During the Easter long weekend, I have been testing a few Roti Boy “Wannabe” recipes I found on the web and whilst all of them resulted fluffy bread, I am still not very happy with the topping. I reckon there must be a secret ingredient to the original roti boy recipe (¬_¬) Note that I usually just make half of the recipe when trying out new ones, also for roti boy, it is best to have them fresh. So by making half the recipe, usually they are gone within the same day or latest the day after baking.
I have posted a recipe of roti boy copycat before in here and I was pretty happy with the recipe. But since then I have experimenting with few more recipes and in my opinion, nothing really beats the tangzhong method to result in super soft bread and actually stay soft for longer. No magic in here, it is just the fact that the dough contain much more liquid than the usual recipe and you will have to knead it longer to achieve the flexible stage – hence the super soft bread texture.
On my third attempt, I realized why not I use my favorite tangzhong method to make the bread. Whilst I really can not do much about the topping, at least make the bread super soft and fluffy would be nicer (っ˘ڡ˘ς), so here we go the recipe below:
Bread, the source is here:
- 300 grams bread flour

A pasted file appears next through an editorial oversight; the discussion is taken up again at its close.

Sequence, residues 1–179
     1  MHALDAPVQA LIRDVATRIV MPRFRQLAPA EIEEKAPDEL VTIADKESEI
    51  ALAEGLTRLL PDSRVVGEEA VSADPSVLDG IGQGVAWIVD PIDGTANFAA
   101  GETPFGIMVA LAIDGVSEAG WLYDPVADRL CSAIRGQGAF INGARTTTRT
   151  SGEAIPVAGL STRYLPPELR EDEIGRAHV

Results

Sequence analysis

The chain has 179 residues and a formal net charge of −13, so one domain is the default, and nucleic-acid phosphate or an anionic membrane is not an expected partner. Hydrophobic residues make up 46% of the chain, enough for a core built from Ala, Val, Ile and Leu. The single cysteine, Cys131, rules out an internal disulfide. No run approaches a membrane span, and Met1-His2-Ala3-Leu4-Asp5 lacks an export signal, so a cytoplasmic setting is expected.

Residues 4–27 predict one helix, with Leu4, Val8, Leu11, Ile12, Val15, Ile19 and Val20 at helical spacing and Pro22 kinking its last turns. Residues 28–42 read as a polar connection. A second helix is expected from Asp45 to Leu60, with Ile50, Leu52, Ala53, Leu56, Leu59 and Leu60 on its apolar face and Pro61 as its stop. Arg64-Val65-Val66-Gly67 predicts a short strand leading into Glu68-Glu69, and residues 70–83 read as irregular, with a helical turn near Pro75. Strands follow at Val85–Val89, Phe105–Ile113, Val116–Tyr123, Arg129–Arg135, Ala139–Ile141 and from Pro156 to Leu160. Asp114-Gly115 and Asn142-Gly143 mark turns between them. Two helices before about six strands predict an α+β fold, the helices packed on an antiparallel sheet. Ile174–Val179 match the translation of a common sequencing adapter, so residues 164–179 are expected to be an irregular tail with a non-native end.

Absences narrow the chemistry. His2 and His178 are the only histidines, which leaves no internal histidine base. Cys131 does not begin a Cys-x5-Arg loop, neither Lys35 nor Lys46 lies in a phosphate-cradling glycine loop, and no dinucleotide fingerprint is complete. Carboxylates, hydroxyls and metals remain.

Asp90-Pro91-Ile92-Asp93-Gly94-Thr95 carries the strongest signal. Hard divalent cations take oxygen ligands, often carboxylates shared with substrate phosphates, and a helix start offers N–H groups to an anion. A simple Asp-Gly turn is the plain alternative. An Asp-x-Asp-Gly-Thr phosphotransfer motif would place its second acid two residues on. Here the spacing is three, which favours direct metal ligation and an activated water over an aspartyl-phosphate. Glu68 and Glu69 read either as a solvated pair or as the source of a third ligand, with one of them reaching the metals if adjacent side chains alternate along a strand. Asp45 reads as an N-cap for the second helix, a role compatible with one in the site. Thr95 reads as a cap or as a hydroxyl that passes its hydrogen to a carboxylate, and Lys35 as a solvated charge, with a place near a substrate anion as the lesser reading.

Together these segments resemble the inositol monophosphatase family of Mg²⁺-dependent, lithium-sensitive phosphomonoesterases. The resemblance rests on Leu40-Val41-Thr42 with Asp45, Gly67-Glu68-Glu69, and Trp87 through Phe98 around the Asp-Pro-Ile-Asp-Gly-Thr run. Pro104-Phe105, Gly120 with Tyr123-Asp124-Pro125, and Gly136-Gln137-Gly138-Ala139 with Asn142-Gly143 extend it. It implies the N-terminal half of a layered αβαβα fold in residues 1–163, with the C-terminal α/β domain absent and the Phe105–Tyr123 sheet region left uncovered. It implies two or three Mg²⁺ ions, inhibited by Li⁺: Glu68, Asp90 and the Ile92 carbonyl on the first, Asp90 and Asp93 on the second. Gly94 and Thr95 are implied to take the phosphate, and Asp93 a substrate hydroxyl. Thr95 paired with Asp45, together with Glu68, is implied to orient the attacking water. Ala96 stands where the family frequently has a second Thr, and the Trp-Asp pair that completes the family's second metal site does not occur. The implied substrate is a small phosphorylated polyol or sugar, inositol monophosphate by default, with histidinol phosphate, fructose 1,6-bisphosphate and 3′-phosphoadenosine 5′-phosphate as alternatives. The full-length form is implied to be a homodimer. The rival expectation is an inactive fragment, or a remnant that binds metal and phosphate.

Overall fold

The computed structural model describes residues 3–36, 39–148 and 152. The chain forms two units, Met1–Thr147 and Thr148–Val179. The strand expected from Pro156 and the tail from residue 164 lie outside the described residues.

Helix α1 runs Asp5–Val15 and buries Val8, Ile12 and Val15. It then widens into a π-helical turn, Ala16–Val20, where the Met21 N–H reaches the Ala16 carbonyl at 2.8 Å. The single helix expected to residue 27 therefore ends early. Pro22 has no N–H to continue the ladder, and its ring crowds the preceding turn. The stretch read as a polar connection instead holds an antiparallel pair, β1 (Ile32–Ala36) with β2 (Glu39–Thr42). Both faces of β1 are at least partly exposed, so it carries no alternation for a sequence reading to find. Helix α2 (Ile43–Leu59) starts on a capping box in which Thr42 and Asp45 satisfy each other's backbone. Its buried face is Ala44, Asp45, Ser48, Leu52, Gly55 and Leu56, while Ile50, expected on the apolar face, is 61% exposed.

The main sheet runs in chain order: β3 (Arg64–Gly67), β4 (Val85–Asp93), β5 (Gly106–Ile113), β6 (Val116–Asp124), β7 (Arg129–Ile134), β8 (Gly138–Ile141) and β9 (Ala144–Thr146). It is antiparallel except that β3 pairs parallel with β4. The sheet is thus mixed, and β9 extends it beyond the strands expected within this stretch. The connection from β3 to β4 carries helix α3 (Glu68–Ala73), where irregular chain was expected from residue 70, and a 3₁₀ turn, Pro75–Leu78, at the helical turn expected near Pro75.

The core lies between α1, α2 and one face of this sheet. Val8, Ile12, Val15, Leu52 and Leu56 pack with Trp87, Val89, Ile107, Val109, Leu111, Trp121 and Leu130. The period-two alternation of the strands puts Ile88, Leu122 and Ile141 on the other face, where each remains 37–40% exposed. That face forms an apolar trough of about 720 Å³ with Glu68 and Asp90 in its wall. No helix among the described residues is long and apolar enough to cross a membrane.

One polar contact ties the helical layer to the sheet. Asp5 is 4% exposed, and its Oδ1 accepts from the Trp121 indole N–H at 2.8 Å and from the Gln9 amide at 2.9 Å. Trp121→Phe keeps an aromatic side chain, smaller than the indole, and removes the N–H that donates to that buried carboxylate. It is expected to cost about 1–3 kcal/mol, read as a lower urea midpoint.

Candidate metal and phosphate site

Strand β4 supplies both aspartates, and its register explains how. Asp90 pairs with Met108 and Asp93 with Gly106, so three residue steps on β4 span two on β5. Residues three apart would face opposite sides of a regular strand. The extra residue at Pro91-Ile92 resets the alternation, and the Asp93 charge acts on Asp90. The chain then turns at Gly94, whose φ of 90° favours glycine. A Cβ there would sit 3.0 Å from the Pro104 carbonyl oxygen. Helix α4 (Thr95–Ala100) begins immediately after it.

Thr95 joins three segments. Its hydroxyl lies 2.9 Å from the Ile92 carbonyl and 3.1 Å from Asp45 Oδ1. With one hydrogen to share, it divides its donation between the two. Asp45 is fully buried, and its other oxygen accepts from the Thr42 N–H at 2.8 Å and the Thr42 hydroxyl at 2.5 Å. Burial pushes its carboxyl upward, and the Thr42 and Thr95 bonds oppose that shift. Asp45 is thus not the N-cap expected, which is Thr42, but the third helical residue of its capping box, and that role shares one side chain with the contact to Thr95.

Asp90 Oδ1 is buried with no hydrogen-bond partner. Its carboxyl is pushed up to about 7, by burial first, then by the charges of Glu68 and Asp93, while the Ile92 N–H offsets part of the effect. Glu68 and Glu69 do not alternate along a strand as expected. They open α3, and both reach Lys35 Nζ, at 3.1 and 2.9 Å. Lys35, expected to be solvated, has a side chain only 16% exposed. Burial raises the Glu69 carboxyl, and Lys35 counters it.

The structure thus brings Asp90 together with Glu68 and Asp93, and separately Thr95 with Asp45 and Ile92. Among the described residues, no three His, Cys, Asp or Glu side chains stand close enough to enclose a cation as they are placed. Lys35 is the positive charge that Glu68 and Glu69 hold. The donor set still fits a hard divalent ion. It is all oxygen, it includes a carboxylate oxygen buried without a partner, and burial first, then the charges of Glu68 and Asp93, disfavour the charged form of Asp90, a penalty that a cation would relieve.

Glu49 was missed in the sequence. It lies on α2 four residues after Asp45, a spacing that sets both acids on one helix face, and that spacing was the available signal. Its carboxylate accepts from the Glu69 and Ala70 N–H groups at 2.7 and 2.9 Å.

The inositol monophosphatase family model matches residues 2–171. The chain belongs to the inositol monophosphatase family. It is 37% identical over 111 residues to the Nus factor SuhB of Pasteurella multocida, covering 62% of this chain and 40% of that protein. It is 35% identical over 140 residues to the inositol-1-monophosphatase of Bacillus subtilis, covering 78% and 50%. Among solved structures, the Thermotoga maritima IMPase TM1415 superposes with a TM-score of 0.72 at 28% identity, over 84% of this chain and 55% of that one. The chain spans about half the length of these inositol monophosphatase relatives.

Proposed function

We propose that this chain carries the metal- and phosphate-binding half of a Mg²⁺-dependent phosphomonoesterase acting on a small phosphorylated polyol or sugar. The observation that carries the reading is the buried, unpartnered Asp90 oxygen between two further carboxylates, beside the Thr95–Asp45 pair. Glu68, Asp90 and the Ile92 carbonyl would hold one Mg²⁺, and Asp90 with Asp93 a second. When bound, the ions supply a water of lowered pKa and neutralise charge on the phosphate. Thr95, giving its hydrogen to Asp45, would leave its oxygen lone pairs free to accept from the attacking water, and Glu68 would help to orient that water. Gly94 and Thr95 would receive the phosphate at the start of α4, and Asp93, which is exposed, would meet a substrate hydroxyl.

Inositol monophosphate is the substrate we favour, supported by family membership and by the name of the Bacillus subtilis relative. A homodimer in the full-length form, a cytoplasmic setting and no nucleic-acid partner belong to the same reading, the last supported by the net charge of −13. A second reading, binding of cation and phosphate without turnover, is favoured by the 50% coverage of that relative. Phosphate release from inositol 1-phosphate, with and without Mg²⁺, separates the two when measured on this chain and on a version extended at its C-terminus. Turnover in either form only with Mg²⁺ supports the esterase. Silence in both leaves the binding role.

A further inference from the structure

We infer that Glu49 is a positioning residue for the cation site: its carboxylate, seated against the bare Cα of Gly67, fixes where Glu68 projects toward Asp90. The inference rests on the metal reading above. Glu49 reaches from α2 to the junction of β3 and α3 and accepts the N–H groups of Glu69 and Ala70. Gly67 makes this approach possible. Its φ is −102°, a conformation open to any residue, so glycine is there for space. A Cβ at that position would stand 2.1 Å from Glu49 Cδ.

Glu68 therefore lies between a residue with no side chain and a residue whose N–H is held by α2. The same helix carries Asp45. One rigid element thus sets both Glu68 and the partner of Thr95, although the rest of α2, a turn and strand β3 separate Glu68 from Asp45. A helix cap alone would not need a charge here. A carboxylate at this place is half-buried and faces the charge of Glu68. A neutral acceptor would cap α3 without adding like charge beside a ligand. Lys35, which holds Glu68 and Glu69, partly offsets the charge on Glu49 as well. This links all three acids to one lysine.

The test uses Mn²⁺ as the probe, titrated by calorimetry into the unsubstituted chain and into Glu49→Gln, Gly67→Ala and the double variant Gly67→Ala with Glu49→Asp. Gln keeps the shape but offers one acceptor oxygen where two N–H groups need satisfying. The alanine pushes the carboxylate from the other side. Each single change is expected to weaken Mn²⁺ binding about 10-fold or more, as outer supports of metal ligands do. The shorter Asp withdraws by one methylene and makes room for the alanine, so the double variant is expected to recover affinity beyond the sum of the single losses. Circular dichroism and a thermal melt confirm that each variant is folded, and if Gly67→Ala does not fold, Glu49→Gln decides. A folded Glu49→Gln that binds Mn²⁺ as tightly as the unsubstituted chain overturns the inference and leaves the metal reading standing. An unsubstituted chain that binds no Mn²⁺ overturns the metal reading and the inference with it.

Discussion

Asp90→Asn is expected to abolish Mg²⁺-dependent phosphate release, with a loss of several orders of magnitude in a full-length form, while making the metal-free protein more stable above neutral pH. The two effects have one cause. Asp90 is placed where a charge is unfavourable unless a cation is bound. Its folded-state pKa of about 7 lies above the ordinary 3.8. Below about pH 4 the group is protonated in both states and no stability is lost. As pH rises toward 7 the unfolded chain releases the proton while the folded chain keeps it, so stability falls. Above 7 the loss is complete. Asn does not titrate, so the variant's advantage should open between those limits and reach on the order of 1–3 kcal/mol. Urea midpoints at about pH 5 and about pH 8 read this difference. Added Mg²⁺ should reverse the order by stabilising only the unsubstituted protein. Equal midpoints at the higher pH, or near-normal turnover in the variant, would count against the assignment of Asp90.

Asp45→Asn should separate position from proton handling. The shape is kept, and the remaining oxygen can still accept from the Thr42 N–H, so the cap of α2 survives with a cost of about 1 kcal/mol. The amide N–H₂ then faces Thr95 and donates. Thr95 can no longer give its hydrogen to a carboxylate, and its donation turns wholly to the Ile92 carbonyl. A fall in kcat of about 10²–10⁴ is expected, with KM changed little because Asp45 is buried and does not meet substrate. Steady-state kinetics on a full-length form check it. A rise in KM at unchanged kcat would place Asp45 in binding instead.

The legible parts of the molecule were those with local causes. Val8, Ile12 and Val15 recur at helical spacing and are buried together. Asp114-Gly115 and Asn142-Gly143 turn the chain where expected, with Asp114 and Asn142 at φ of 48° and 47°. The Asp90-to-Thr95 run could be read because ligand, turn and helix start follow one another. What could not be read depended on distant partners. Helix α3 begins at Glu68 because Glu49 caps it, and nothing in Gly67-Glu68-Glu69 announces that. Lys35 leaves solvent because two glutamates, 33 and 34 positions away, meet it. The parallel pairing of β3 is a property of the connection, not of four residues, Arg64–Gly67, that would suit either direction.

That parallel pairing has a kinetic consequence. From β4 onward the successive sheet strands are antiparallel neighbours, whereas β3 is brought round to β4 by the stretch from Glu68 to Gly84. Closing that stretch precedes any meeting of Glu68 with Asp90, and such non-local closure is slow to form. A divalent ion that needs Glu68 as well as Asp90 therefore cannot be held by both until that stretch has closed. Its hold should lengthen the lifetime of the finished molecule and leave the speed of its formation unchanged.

- 30 grams sugar
- 8 grams instant dry yeast (I used 1 teaspoon)
- 25 grams milk powder
- 1/2 cup milk
- 1/2 tsp salt
- 1 egg, lightly whisked
- 50 grams whipping cream/thickened cream
- For the roux: 20 g Bread flour and 1/2 cup water
- 10 small cubes of cold butter (if using unsalted butter, sprinkle tiny pinch of salt to each cube of butter)
- 50 grams butter at room temperature
- 50 grams icing sugar
- egg white from 1 egg
- 60 grams all-purpose flour
- 10 grams milk powder
- 1 teaspoon ground coffee
- 1 teaspoon coffee mocha paste, for darker colour
Prepare the water roux at least few hours before you start the bread dough, so that the water roux is at least at room temperature.
I prefer to combine my yeast in the slightly warmed milk and 1 teaspoon of sugar (from the 30 grams as recipe calls for) and let it becomes frothy before adding in to the flour.
Combine all ingredients in a mixing bowl and let the mixer does the hard work until it form a ball.
It will still be quite sticky at this stage, so you’ll need to knead the dough a bit on floured surface until it is smooth.
Then, let the dough to rise in warm place for about 1 hours until it becomes double in size.
Release any trapped gas from the dough then divide to 10 equal smaller balls.
Flatten each dough ball and add in the filling, close them up then roll again to a smooth ball. Repeat for all dough balls.
Place them on a baking tray lined with baking paper and let the rest for 30 – 45 minutes, meanwhile we prepare the topping.
Topping: combine all ingredients together, whisk until everything is incorporated well. If it is too thick, add water a little at a time (started with 1 tablespoon, then mix well, and add again if needed). The consistency should not be too runny either that you will not able to pipe it onto the top of the bread. Place in a plastic bag or piping bag and snip off the end a little bit.
Pipe the topping in swirl motion starting from the middle all the way down the side of each bread. Repeat for the rest of the bread.
Bake in preheated oven at 170C for about 20 minutes.